Sterile and Commercially Sterile Foods

As a food microbiologist I’m sometimes asked whether sterile foods exist, i.e. are there foods available which are guaranteed to be free of microbes. The answer is Yes, although we have to be careful about how we define sterility, so that we understand exactly what the concept of a sterile foodstuff means.

I’d like to begin, not by defining sterility, but by ruling out a whole raft of food that could possibly be sterile – if you processed them in an operating theatre! Many of the foods we eat, such as fruit, nuts, grains and animals are sterile on the inside, which happens to be the part we eat. Take the example of an orange: the skin is red-hot with bugs, with anywhere between 1,000 and 100,000 microbes per square centimetre lolling on the outside, but inside, unless the skin is broken or the orange has one of those systemic, penetrating fungal infections, it is sterile. There shouldn’t be a single bug hiding out among all that soft, juicy, sweet flesh. How would you manipulate the orange, however, in order to have sterile OJ sitting in front of you (in a sterile glass!) for breakfast? First of all, you’d have to surface sterilise the orange: a wash in detergent, 10 minutes in 5% bleach solution, a few washes in sterile water, and then two minutes in 70% ethanol should kill the vast majority of the bugs on it exterior. So, you have an orange, the surface of which is near-sterile – what next? You need sterile instruments, sterile surgical gloves, sterile containers, a sterile squeezer and a sterile environment in which to process the orange. That’s where your operating theatre (or a Class II biosafety hood) comes in. Not very practical, is it? Now, imagine trying to process cattle to achieve sterile meat. The hide is not sterile (and, in fact, is chock-a-block with faecal coliforms, Staphylococcus and the like from cattle not bathing regularly or using toilet paper), but the muscle inside, unless the animal is diseased, should be. But how would you go about extracting this sterile meat so that it remains sterile? Near impossible. So, let’s rule out these “naturally sterile” foods and accept the fact that if we want truly sterile food we have to apply a technological solution.

Now: back to sterility. The Oxford English Dictionary defines this as “Free from bacteria or other living microorganisms”, which is good enough for me. People often mix up sterility with asepsis: this is the condition of being free from disease-causing microorganisms, kinda like a working version of sterility for surgeons and the like. Us experimentalists also talk about asepsis – working in very clean environments where bugs from the environment don’t interfere with our experiments.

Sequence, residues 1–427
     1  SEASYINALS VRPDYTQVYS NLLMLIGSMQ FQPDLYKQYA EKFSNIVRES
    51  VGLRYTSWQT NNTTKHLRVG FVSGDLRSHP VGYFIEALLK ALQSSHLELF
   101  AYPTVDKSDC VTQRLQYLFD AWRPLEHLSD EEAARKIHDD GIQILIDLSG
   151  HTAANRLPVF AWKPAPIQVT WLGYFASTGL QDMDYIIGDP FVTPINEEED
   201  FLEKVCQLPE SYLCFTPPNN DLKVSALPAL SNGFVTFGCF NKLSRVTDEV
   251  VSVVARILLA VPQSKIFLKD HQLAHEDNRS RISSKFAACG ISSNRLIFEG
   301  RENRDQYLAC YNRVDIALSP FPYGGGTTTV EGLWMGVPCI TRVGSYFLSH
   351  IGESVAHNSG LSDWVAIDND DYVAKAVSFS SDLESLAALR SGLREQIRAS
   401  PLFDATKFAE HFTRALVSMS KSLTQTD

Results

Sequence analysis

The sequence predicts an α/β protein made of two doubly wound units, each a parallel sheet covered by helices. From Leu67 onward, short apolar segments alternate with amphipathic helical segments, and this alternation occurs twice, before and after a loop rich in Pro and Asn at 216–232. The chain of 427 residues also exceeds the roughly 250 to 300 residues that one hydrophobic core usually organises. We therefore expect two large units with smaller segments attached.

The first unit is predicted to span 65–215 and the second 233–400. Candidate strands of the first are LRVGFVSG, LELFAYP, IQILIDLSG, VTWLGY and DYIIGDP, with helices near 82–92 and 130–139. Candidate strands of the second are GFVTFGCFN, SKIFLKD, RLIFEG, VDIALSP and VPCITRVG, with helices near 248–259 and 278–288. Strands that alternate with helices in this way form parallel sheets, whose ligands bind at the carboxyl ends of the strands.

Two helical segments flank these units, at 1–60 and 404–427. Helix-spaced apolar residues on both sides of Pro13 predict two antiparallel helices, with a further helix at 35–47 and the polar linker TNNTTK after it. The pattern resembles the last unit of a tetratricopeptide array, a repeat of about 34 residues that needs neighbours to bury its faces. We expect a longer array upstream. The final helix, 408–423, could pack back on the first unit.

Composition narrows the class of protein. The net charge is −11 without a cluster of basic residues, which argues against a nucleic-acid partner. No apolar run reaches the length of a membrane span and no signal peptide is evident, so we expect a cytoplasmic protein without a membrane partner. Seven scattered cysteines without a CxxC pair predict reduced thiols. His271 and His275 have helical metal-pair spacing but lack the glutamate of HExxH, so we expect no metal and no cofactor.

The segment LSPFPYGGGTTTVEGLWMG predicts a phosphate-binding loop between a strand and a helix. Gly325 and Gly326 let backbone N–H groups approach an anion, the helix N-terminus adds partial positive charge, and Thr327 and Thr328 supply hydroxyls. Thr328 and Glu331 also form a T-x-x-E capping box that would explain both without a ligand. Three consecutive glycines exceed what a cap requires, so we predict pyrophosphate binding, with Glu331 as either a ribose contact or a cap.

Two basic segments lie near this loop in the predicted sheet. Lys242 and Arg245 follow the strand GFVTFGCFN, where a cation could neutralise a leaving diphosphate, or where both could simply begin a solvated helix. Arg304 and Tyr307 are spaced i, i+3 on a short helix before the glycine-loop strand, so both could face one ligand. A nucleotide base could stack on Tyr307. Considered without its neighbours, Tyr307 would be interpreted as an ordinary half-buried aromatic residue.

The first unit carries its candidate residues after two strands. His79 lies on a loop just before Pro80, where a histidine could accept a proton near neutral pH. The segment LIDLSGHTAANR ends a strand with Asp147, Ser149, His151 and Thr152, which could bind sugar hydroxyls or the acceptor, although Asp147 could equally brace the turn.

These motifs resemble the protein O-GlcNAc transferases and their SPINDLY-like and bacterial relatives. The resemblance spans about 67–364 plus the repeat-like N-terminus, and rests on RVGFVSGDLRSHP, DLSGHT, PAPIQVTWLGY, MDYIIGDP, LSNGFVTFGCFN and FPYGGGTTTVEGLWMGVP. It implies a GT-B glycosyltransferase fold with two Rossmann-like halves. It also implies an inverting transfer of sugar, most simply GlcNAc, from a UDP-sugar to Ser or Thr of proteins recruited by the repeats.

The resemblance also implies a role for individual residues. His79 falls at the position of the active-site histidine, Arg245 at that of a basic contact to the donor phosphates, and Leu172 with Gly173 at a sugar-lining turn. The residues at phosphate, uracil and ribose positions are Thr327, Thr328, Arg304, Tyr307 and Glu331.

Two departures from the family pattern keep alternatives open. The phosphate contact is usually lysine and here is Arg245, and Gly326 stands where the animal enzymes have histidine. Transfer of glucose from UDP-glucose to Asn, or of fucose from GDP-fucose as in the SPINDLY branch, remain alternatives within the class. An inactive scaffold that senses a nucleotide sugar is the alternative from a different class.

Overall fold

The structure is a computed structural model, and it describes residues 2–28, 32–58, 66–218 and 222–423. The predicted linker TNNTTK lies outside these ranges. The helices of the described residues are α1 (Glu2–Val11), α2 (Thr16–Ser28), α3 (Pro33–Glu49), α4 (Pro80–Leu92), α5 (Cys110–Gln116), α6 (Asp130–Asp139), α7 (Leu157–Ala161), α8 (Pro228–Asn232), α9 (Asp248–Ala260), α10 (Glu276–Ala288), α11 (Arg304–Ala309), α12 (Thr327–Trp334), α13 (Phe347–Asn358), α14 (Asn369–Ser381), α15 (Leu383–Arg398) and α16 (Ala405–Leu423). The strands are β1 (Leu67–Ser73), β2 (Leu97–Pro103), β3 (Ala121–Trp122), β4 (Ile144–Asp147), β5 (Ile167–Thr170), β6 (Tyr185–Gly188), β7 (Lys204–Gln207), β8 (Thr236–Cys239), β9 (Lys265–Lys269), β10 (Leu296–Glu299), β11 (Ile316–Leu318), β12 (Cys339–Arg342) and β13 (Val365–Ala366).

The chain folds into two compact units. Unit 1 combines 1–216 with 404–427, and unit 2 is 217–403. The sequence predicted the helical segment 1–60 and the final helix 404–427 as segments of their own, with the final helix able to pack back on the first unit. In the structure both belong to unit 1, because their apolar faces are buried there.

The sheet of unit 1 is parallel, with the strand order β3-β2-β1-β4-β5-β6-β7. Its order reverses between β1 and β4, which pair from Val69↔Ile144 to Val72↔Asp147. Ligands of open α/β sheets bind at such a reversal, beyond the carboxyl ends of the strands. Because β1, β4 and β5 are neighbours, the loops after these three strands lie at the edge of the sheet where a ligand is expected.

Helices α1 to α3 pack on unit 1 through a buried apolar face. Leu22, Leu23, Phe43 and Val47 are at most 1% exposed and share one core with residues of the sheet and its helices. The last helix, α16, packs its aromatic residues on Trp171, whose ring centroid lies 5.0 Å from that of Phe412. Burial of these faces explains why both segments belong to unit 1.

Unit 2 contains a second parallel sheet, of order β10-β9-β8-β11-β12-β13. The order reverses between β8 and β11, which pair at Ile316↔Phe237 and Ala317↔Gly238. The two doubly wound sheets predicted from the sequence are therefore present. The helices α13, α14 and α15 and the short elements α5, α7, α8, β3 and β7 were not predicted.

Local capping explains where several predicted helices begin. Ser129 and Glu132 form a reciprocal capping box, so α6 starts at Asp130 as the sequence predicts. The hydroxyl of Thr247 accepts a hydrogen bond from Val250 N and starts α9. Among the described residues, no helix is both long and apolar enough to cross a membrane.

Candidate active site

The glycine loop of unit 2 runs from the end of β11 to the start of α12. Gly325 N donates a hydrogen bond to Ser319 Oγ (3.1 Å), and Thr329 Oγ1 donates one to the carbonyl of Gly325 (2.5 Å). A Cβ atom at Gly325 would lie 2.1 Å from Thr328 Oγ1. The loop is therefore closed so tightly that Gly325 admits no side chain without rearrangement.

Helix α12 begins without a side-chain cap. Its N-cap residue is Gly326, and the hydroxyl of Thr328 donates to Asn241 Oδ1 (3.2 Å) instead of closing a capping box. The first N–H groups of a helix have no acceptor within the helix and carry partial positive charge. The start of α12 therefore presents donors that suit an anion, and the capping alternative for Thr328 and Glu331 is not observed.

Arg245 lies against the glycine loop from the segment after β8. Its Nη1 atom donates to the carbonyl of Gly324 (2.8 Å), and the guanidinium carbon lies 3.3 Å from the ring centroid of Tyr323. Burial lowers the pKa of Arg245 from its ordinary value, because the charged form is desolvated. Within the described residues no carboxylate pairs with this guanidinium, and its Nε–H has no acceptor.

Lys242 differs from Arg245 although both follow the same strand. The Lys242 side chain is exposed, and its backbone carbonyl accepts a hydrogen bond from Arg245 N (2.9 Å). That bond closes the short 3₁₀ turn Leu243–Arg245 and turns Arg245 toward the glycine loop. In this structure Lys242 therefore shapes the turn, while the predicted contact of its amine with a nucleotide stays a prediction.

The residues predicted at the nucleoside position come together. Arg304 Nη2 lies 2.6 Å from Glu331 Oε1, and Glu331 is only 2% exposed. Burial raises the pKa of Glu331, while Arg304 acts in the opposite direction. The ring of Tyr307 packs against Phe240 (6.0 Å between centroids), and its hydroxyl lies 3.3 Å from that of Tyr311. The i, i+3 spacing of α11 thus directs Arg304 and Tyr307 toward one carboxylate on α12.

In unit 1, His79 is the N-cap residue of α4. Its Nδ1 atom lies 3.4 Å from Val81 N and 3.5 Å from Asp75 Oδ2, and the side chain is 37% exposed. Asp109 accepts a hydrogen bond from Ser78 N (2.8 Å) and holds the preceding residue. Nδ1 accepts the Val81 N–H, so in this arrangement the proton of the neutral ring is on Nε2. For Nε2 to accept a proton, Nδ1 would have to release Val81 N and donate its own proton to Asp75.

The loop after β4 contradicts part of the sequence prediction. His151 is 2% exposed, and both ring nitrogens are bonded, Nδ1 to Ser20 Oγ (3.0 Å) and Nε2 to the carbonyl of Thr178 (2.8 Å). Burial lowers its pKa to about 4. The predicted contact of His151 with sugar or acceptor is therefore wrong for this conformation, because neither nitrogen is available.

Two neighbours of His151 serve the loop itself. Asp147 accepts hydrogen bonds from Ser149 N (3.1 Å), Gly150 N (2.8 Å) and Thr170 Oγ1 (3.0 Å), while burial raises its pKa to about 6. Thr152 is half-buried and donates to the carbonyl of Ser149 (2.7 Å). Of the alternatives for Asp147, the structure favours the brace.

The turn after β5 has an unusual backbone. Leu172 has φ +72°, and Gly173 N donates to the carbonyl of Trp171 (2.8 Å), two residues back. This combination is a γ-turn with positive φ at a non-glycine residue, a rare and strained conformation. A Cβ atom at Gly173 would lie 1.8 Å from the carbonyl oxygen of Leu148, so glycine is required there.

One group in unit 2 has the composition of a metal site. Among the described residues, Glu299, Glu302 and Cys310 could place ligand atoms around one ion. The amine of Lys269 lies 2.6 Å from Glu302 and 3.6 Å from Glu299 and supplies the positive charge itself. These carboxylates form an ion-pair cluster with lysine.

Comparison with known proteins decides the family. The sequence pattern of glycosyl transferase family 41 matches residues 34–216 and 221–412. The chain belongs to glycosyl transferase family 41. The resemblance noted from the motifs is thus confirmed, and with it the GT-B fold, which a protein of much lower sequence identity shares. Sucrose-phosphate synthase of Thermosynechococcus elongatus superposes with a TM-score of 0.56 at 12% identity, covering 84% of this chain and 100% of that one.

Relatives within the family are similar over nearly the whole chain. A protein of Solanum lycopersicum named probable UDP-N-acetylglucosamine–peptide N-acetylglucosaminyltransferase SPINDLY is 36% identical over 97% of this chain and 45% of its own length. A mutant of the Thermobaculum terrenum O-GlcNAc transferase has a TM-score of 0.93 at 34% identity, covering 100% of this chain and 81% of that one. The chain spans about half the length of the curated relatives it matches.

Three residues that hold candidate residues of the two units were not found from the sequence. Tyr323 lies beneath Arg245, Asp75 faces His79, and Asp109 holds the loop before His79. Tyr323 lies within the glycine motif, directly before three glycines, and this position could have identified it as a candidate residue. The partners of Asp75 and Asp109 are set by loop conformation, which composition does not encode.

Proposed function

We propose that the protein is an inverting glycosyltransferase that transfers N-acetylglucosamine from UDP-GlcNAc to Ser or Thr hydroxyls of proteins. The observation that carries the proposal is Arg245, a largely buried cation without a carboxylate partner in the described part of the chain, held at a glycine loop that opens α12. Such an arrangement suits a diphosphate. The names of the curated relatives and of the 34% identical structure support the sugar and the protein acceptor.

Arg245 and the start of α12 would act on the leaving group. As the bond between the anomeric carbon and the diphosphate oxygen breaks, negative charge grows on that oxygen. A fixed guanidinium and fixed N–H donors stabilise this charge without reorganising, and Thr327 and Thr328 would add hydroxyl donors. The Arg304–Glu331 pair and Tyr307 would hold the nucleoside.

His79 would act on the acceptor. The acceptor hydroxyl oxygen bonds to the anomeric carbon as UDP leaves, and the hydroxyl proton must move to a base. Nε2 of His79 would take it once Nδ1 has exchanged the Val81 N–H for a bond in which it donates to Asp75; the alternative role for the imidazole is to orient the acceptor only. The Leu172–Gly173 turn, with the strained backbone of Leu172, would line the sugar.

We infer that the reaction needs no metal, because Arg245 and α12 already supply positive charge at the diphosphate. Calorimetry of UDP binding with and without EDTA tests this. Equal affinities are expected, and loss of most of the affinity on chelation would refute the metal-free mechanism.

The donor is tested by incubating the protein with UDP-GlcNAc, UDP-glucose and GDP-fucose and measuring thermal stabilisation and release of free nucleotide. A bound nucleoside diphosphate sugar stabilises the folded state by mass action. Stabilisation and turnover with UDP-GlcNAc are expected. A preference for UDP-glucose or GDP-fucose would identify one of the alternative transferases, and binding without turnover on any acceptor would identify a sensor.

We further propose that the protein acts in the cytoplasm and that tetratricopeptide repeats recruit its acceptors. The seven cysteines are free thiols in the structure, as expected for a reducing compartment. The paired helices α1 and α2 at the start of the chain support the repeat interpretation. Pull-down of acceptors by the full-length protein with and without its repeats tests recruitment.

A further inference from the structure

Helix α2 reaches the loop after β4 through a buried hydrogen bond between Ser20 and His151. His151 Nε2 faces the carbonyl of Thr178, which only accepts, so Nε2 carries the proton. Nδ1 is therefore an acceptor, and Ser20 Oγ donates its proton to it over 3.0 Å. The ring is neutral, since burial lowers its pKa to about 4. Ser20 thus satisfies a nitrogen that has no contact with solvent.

To achieve sterility one must kill all the microbes in or on a foodstuff. This is not such a difficult thing to achieve. In the lab, we use an autoclave every day to sterilise instruments, glassware and media, zonking stuff at a temperature of 121˚C for 15 min in the presence of steam and elevated pressure. But you can’t autoclave food – or, if you do, you convert everything into a tasteless, textureless, caramelised goo. And who wants to eat that?

Unfortunately, there are people who need to eat sterile food – severely immunocompromised patients and those unlucky enough to be born without functioning immunity, those famous boys and girls in the bubbles. And to heap misery upon misery, much of the time these patients have had no choice but to eat brown goop. Since the 1960s, though, another technology has been used to sterilise food – irradiation. This is the application of large doses of gamma irradiation to food. This radiation, which does not render the food it encounters radioactive, kills any microbes in the food, principally by rupturing their DNA and breaking their proteins. It has less of an effect on the taste, colour and texture of food than heat, but vitamins can be destroyed by it. Irradiation is also used to sterilise food for astronauts and troops, and, interestingly, is used to reduce the microbial load on one common item in our larders: spices. These are a high-value product for which it is economical to process using this expensive and tightly regulated technology.

Finally, there probably are sterile food products in all our larders – tinned goods – but the manufacturers cannot make claims about their sterility. Tinned goods receive a high heat treatment, not as extreme as autoclaving, but enough to kill the vast, vast majority of bugs the foods contain. Except with one exception: bacterial spores. This small number of spores, though, are highly unlikely to germinate and grow in the food. Therefore, such tinned goods are referred to as being “commercially sterile”. A good definition of commercial sterility is provided by Weddig et al (2007): application of heat, alone or in combination with other ingredients or treatments that render a product free of microorganisms capable of growing in the product at normal non-refrigerated conditions during distribution and storage”. The implication of this definition is that these commercially sterile foods do harbour the odd spore, which, if things go wrong in the supply chain (e.g. a shipping container might be stored on a sunny dock for a couple of days too many) could germinate, grow, reproduce and cause problems to the person unlucky enough to consume the foodstuff.



Weddig, L. M., Balestrini, C. G., & Shafer, B. D. (2007). Canned foods. Principles of thermal process control, acidification and container closure evaluation (7th ed.). Washington DC, USA: GMA, Science and Education Foundation.


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